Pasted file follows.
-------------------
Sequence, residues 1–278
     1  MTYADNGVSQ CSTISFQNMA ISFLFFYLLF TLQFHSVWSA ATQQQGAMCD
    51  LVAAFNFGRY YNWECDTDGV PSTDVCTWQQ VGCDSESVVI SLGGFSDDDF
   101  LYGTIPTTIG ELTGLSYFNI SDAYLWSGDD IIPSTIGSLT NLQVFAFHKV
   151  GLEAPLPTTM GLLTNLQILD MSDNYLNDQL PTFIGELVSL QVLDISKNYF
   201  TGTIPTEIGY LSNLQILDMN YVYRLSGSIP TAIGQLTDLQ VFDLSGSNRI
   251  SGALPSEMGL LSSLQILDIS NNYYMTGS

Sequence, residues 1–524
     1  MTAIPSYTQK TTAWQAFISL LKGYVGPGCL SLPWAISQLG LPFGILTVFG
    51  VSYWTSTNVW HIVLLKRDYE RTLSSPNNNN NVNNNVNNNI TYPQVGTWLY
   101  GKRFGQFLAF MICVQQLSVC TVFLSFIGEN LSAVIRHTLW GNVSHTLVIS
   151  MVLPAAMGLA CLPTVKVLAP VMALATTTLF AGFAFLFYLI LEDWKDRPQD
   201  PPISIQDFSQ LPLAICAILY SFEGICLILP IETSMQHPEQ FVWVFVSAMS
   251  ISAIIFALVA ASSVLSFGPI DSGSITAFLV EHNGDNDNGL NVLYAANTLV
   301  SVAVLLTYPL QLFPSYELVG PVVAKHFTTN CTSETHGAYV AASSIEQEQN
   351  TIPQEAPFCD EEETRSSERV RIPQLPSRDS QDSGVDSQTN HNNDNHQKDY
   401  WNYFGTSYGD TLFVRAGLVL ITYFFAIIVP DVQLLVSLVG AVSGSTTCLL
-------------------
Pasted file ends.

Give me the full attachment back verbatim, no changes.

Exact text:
Sequence, residues 1–278
     1  MTYADNGVSQ CSTISFQNMA ISFLFFYLLF TLQFHSVWSA ATQQQGAMCD
    51  LVAAFNFGRY YNWECDTDGV PSTDVCTWQQ VGCDSESVVI SLGGFSDDDF
   101  LYGTIPTTIG ELTGLSYFNI SDAYLWSGDD IIPSTIGSLT NLQVFAFHKV
   151  GLEAPLPTTM GLLTNLQILD MSDNYLNDQL PTFIGELVSL QVLDISKNYF
   201  TGTIPTEIGY LSNLQILDMN YVYRLSGSIP TAIGQLTDLQ VFDLSGSNRI
   251  SGALPSEMGL LSSLQILDIS NNYYMTGS

Sequence, residues 1–524
     1  MTAIPSYTQK TTAWQAFISL LKGYVGPGCL SLPWAISQLG LPFGILTVFG
    51  VSYWTSTNVW HIVLLKRDYE RTLSSPNNNN NVNNNVNNNI TYPQVGTWLY
   101  GKRFGQFLAF MICVQQLSVC TVFLSFIGEN LSAVIRHTLW GNVSHTLVIS
   151  MVLPAAMGLA CLPTVKVLAP VMALATTTLF AGFAFLFYLI LEDWKDRPQD
   201  PPISIQDFSQ LPLAICAILY SFEGICLILP IETSMQHPEQ FVWVFVSAMS
   251  ISAIIFALVA ASSVLSFGPI DSGSITAFLV EHNGDNDNGL NVLYAANTLV
   301  SVAVLLTYPL QLFPSYELVG PVVAKHFTTN CTSETHGAYV AASSIEQEQN
   351  TIPQEAPFCD EEETRSSERV RIPQLPSRDS QDSGVDSQTN HNNDNHQKDY
   401  WNYFGTSYGD TLFVRAGLVL ITYFFAIIVP DVQLLVSLVG AVSGSTTCLL